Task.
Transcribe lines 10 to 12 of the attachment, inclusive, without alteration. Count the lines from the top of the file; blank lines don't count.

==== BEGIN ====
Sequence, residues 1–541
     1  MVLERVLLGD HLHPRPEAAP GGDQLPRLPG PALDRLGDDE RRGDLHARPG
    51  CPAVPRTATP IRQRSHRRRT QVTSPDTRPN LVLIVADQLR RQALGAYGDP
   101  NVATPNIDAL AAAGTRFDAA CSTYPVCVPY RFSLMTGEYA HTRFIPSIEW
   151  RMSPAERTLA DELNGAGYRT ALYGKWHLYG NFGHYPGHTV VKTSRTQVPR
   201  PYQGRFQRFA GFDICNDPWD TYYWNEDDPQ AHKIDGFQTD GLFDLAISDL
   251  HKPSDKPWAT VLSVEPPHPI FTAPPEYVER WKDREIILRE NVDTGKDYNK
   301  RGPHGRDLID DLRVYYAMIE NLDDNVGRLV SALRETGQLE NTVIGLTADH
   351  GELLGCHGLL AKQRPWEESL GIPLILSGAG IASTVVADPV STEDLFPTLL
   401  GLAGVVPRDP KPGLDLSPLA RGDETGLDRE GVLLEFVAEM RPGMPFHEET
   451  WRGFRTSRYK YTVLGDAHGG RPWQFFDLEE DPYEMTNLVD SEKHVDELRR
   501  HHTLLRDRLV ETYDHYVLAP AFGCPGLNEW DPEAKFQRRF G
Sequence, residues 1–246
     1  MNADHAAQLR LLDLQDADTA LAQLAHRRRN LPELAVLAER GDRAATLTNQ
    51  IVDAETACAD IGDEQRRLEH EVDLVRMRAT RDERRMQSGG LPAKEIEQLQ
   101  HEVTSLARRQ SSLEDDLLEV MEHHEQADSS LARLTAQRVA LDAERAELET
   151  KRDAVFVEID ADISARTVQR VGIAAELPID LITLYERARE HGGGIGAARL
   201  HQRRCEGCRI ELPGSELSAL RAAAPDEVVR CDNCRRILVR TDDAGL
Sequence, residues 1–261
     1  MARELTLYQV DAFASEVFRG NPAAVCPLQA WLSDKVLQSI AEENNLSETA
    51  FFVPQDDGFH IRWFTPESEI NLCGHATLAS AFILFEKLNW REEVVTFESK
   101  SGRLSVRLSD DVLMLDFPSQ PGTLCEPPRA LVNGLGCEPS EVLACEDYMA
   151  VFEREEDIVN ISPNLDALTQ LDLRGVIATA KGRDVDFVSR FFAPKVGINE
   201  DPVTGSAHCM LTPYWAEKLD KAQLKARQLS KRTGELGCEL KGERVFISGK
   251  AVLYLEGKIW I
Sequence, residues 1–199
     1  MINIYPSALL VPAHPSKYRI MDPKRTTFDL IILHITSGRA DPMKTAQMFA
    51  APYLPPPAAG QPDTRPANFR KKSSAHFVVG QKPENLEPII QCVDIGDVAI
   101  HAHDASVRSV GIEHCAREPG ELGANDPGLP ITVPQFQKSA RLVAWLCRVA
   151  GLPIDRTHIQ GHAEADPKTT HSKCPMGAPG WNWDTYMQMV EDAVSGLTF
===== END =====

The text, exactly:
   401  GLAGVVPRDP KPGLDLSPLA RGDETGLDRE GVLLEFVAEM RPGMPFHEET
   451  WRGFRTSRYK YTVLGDAHGG RPWQFFDLEE DPYEMTNLVD SEKHVDELRR
   501  HHTLLRDRLV ETYDHYVLAP AFGCPGLNEW DPEAKFQRRF G